ME TIMES THREE by Alex Witchel


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From Witchel (Girls Only, 1997), famed and feared for her acerbic profiles in the New York Times, a surprisingly bland first novel about life on the media fast track in Manhattan.

Sure, there are some good lines about Jolie, the slick women’s magazine where Sandra Berlin holds down a just-above-entry-level job in 1988. “Apparently, pictures of models jumping in the air wearing five-dollar T-shirts and three-thousand-dollar organza skirts were just what the world had been waiting for,” Sandra wisecracks, and her descriptions of Jolie’s editors and her fellow grunts are equally amusing. But they’re also generic, as is almost everything else here, from Sandra’s Jewish suburban background to her WASP fiancé Bucky, who turns out to be simultaneously engaged to two other women, to the inevitable gay friend who confesses halfway through the book that he’s dying of AIDS (a heavily foreshadowed development). Witchel’s description of people’s attitude toward the disease seems awfully naive for the sophisticated circles her heroine moves in. Similarly, although Sandra repeatedly describes herself as smart, she seldom acts that way. Would even the most self-centered workaholic have been taken in by Bucky all these years? Would even the most insecure single girl (Sandra’s 26 but talks as though she’s pushing 40) ever contemplate taking him back? And what except contrived plot complications keeps her apart from Mr. Perfect, art writer Mark Lewis? Yes, we get it: Sandra is intellectually gifted, but dumb about the Things That Really Matter. Witchel has acquired husband Frank Rich’s habit of announcing the blindingly obvious as though she were the first to think of it. “Love, real love, contagious and messy, vanquished all [the rules],” Sandra intones; later, she tells Bucky, “I realized that after the years we spent together I never really knew you.” Duh.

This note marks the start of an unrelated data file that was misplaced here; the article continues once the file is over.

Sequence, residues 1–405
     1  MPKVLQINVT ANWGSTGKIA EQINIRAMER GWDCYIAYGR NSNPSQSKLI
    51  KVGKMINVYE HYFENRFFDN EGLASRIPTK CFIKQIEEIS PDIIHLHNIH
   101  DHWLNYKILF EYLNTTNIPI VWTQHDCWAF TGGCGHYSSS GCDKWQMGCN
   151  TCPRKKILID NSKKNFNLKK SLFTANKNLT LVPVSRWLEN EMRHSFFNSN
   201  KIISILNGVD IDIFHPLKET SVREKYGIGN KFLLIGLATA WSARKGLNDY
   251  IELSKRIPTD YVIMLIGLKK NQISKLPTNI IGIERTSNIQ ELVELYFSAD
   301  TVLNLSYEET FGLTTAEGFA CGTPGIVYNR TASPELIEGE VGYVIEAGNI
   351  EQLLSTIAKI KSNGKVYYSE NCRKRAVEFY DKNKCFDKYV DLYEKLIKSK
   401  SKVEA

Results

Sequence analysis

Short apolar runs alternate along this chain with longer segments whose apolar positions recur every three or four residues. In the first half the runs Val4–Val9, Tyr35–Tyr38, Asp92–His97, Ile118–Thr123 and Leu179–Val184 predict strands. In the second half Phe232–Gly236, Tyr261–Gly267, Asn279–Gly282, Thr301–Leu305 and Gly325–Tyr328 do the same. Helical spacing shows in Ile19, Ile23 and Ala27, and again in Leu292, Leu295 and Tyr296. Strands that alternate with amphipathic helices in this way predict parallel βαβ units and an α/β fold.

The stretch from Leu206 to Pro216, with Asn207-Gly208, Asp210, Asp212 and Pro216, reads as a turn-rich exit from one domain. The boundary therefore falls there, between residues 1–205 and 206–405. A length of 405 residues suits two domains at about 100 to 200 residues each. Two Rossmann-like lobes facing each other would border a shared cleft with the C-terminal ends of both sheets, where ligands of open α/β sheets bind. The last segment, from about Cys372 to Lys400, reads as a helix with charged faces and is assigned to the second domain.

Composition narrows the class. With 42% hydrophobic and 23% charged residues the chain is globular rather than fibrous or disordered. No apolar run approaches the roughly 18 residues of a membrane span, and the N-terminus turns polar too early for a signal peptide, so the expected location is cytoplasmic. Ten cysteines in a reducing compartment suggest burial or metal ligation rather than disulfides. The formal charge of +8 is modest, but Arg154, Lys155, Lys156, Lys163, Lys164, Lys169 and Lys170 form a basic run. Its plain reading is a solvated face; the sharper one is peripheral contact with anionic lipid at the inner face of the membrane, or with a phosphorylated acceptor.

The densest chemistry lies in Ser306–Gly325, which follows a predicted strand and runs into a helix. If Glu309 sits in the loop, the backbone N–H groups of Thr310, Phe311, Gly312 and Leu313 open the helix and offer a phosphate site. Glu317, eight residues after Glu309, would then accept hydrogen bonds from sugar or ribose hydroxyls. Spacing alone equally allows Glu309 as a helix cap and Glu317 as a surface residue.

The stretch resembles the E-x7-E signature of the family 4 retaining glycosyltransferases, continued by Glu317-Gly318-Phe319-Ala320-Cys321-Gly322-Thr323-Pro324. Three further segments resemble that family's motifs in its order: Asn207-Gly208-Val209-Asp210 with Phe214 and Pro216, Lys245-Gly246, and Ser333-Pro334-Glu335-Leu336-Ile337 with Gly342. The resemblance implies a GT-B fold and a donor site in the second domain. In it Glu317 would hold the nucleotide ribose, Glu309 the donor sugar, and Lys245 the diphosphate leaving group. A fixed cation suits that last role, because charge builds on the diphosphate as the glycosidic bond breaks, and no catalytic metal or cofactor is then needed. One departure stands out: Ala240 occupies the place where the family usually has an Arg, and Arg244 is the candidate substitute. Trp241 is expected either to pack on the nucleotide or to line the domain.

Reasonably evocative of the self-indulgent ’80s, with some diverting magazine and party scenes, but they’d have to be a lot sharper to make up for a tired plot and a heroine who’s not nearly as endearing as her creator thinks.

Pub Date: Feb. 1st, 2002
ISBN: 0-375-41179-8
Page count: 320pp
Publisher: Knopf
Review Posted Online:
Kirkus Reviews Issue: Nov. 1st, 2001


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